So just call myStr.Split(); There's no need to pass in anything because separator is a params array.

0
12

Why dont you use?:

string[] ssizes = myStr.Split(' ', '\t');
0
3

Note that adjacent whitespace will NOT be treated as a single delimiter, even when using String.Split(null). If any of your tokens are separated with multiple spaces or tabs, you'll get empty strings returned in your array.

From the documentation:

Each element of separator defines a separate delimiter character. If two delimiters are adjacent, or a delimiter is found at the beginning or end of this instance, the corresponding array element contains Empty.

2

So don't copy and paste! Extract a function to do your splitting and reuse it.

public static string[] SplitWhitespace (string input)
{
    char[] whitespace = new char[] { ' ', '\t' };
    return input.Split(whitespace);
}

Code reuse is your friend.

2

You can use

var FirstString = YourString.Split().First();

to split a string and get its first occurrence before the space.

1

Can't you do it inline?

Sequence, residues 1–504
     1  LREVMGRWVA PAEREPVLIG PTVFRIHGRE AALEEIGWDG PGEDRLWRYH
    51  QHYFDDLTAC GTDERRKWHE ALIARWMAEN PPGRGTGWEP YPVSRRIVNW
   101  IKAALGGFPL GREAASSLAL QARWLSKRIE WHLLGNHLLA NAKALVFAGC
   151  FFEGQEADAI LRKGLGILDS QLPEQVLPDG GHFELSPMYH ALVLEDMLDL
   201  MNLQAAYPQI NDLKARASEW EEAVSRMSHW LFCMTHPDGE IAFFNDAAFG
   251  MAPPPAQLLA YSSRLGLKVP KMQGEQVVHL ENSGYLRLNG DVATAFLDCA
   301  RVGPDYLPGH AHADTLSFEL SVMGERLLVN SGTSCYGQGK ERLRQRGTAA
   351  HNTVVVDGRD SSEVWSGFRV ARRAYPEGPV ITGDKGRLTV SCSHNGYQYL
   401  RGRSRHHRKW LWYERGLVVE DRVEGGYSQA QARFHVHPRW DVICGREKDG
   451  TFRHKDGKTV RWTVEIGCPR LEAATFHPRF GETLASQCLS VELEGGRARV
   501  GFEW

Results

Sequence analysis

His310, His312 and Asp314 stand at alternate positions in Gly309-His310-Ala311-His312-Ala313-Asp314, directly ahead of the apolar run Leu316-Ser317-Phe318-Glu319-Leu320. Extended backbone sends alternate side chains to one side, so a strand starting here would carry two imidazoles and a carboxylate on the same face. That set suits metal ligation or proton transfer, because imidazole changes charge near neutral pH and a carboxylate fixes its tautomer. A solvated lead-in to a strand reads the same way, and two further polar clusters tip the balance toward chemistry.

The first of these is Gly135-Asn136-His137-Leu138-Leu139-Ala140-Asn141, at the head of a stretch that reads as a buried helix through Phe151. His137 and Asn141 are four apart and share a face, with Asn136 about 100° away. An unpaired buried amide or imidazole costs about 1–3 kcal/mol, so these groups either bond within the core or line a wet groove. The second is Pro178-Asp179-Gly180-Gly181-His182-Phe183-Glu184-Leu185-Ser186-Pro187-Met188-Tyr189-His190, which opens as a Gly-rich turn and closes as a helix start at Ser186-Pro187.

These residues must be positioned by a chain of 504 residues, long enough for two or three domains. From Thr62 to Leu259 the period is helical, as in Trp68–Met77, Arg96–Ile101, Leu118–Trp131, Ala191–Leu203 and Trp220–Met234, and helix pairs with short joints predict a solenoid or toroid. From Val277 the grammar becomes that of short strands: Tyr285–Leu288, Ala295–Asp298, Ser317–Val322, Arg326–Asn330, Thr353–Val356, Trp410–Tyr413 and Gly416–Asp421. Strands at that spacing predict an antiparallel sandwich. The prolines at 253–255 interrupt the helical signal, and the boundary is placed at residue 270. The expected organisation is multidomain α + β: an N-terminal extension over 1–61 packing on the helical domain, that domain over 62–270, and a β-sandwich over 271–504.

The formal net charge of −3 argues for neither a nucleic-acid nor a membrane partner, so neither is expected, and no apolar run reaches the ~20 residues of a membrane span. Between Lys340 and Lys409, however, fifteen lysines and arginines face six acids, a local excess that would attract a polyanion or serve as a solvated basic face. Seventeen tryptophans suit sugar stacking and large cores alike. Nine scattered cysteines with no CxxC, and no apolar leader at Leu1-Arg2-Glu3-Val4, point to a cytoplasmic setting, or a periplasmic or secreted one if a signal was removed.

var sizes = subject.Split(new char[] { ' ', '\t' });

Otherwise, if you do this exact thing often, you could always create constant or something containing that char array.

As others have noted you can according to the documentation also use null or an empty array. When you do that it will use whitespace characters automatically.

var sizes = subject.Split(null);
1

Why don't you just do this:

var ssizes = myStr.Split(" \t".ToCharArray());

It seems there is a method String.ToCharArray() in .NET 4.0!

EDIT: As VMAtm has pointed out, the method already existed in .NET 2.0!

1
0

If repeating the same code is the issue, write an extension method on the String class that encapsulates the splitting logic.

2
  • 1
    This doesn't really answer the question, sorry.
    – p.campbell
    Aug 2, 2013 at 15:09
  • p. campbell: Yes it does: OP asked for a solution that doesn't require copying the character array everywhere. An obvious solution is to create a function to do the task. This answer points out that such a function could be an extension method. (The answer could be improved, by showing the code to do so...) Oct 6, 2015 at 0:07
0

In C# you can use Below Code.

string[] sepratedStrings = s.Split(new Char[] { ' ' });
-3

You can just do:

string myStr = "The quick brown fox jumps over the lazy dog";
string[] ssizes = myStr.Split(' ');

MSDN has more examples and references:

http://msdn.microsoft.com/en-us/library/b873y76a.aspx